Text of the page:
This is the conclusion of a new greenhouse gas modeling study, based on the estimates of researchers at nine leading centres, compiled by the UN Environment Programme (UNEP).
The experts (see notes to editors) suggest that annual global greenhouse gas emissions should not be larger than 40 to 48.3 Gigatonnes (Gt) of equivalent C02 in 2020 and should peak sometime between 2015 and 2021.
They also estimate that between 2020 and 2050, global emissions need to fall by between 48 per cent and 72 per cent, indicating that an ambition to cut greenhouse gases by around three per cent a year over that 30 year period is also needed.
Such a path offers a ‘medium’ likelihood or at least a 50/50 chance of keeping a global temperature rise at below 2 degrees C, says the new report.
The new study, launched on the eve of UNEP’s Governing Council/Global Ministerial Environment Forum taking place in Bali, Indonesia, has analyzed the pledges of 60 developed and developing economies.
They have been recently submitted to the UN Framework Convention on Climate Change (UNFCCC) following the UN climate convention meeting in Copenhagen in December.
The nine modeling centres have now estimated how far these pledges go towards meeting a reasonable ‘peak’ in emissions depending on whether the high or the low intentions are met.
“The expected emissions for 2020 range between 48.8 to 51.2 GT of CO2 equivalent based on whether high or low pledges will be fulfilled,” says the report.
The report, as noted earlier, says that in order to meet the 2 degree C aim in 2050, emissions in 2020 need to be between 40 Gt and 48.3 Gt.
Thus even with the best intentions there is a gap of between 0.5 and 8.8Gt of CO2 equivalent per year, amounting to an average shortfall in emission cuts of 4.7 Gt
If the low end of the emission reduction pledges are fulfilled, the gap is even bigger—2.9 Gt to 11.2 Gt of CO2 equivalent per year, with an average gap of 7.1 Gt says the report How Close Are We to the Two Degree Limit?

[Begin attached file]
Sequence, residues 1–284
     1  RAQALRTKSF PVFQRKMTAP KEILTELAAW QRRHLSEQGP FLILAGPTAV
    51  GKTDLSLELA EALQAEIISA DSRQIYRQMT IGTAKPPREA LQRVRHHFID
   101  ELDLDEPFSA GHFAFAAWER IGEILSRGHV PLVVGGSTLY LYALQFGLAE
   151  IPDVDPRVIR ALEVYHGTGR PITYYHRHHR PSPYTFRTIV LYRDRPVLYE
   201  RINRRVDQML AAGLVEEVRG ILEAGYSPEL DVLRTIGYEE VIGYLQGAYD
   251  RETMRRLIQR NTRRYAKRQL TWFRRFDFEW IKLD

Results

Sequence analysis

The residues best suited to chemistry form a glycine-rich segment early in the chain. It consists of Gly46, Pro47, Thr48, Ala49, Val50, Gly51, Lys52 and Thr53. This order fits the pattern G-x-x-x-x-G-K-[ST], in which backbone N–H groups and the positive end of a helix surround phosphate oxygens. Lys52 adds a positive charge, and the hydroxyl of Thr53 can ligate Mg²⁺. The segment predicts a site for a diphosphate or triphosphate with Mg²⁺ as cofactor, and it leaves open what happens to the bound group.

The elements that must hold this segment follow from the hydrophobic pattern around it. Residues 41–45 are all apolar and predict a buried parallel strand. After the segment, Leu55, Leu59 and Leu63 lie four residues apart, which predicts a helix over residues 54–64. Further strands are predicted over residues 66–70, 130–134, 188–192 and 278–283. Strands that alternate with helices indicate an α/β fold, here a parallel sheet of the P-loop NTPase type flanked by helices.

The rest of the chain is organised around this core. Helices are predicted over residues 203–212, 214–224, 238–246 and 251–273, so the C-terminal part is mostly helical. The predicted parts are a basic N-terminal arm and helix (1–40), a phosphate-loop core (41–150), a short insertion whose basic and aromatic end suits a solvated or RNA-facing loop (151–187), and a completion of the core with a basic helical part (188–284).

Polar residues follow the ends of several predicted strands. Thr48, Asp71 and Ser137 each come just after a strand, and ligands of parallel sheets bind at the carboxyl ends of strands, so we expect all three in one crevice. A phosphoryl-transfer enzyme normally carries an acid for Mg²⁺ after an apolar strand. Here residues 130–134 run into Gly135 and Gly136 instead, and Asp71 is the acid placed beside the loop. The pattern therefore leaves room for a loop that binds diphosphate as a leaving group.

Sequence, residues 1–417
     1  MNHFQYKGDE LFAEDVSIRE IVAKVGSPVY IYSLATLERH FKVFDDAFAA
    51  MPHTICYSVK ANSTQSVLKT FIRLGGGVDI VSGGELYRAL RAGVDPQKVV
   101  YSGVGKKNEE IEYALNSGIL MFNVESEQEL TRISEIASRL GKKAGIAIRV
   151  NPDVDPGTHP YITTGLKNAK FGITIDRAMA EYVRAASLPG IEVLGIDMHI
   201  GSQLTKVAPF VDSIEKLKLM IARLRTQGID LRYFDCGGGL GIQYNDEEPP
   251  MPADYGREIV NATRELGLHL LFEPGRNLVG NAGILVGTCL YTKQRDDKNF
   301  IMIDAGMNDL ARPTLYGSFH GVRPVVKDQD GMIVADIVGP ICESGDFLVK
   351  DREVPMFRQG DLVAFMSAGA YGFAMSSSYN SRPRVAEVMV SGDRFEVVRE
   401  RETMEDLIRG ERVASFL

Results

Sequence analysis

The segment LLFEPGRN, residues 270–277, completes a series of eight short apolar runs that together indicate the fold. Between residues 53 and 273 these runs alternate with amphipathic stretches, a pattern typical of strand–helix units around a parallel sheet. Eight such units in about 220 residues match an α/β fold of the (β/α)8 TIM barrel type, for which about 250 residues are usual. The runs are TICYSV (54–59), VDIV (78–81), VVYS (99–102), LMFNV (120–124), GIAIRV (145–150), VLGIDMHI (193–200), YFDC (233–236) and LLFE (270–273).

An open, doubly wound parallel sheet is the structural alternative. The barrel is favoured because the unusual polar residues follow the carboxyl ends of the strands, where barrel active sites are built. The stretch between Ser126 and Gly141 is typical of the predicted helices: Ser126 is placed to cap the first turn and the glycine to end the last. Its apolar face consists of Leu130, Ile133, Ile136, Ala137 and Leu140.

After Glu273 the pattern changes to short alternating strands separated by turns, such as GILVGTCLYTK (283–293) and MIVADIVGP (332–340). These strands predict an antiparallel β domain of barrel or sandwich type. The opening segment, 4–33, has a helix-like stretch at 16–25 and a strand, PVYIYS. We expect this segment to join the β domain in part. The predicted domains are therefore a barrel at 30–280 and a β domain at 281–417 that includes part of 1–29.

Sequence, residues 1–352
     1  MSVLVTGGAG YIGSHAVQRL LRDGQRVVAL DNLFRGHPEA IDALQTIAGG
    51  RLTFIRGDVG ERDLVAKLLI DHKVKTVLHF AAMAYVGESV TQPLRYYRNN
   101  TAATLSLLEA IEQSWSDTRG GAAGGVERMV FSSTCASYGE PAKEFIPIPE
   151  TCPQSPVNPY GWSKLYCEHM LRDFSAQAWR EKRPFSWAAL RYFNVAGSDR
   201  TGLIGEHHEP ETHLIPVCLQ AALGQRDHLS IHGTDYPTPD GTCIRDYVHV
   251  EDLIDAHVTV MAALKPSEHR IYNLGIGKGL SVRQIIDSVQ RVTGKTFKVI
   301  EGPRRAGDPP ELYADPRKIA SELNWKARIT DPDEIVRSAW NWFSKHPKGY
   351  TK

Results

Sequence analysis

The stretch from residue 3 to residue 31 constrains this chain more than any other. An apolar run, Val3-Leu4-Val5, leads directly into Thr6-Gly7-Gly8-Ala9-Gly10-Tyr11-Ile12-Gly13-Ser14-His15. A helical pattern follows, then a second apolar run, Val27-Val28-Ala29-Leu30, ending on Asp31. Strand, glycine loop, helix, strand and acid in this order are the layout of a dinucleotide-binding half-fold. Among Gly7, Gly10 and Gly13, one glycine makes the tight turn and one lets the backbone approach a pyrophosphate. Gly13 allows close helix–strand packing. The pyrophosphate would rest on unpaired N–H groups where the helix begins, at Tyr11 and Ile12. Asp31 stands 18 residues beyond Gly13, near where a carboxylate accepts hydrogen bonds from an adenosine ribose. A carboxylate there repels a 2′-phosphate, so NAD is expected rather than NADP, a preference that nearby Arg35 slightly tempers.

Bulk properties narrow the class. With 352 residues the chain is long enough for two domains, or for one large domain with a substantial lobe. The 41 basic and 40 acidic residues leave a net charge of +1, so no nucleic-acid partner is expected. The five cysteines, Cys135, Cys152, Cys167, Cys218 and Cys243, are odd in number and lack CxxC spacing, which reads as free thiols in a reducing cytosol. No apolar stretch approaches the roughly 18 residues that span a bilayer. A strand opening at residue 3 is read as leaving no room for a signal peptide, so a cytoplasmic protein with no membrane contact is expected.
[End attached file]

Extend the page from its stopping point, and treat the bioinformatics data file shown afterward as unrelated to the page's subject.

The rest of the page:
Achim Steiner, UN Under-Secretary General and UNEP Executive Director, said: “There are clearly a great deal of assumptions underlying these figures, but they do provide an indication of where countries are and perhaps more importantly where they need to aim.”
“There clearly is ‘Gigatonne gap’ which may be a significant one according some of the modelers. This needs to be bridged and bridged quickly if the international community is to pro-actively manage emissions down in a way that makes economic sense,” he added.
“There are multiple reasons for countries to make a transition to a low carbon, resource efficient Green Economy of which climate change is a key one. But energy security, cuts in air pollution and diversifying energy sources are also important drivers,” said Mr Steiner.
“This week at the UNEP GC/GMEF we will also shine a light on the opportunities ranging from accelerating clean tech and renewable energy enterprises to the climate, social and economic benefits of investing in terrestrial and marine ecosystems,” he added.
Some of those multiple opportunities for action are showcased in the UNEP Year Book 2010 which is being presented to ministers responsible for the environment who are attending the meeting.
These include Reduced Emissions from Deforestation and Forest Degradation (REDD) which gained political support at the Copenhagen climate change meeting.
REDD, which involves supporting developing countries to conserve rather than clear tropical forests, could make an important contribution not only to combating climate change but also to overcoming poverty and to a successful UN International Year of Biodiversity.
The Year Book estimates that investing $22 billion to $29 billion in REDD could cut global deforestation by 25 per cent by 2015.
It also highlights a new and promising REDD project in Brazil, at the Juma Sustainable Development Reserve in Amazonas.
Here each family receives US$28 a month if the forest remains uncut, one potential way of tipping the economic balance in favour of conservation versus continued deforestation.
Renewables are also gaining momentum: although still very low compared to the huge potential of renewable energy, the global installed wind generation capacity has grown at the rate of 25 per cent per year over the past five years.
In China, for example installed capacity has nearly doubled every year since the end of 2004 – and the report notes that the wind energy potential under perfect conditions has been estimated at up to 72,000 GW, nearly five times total energy demand. Probably 20 per cent of this energy potential could be captured in the future, representing almost 15 000 GW.
Managing a response to climate change also echoes the challenge of International Environment Governance, a key theme at this week’s GC/GMEF.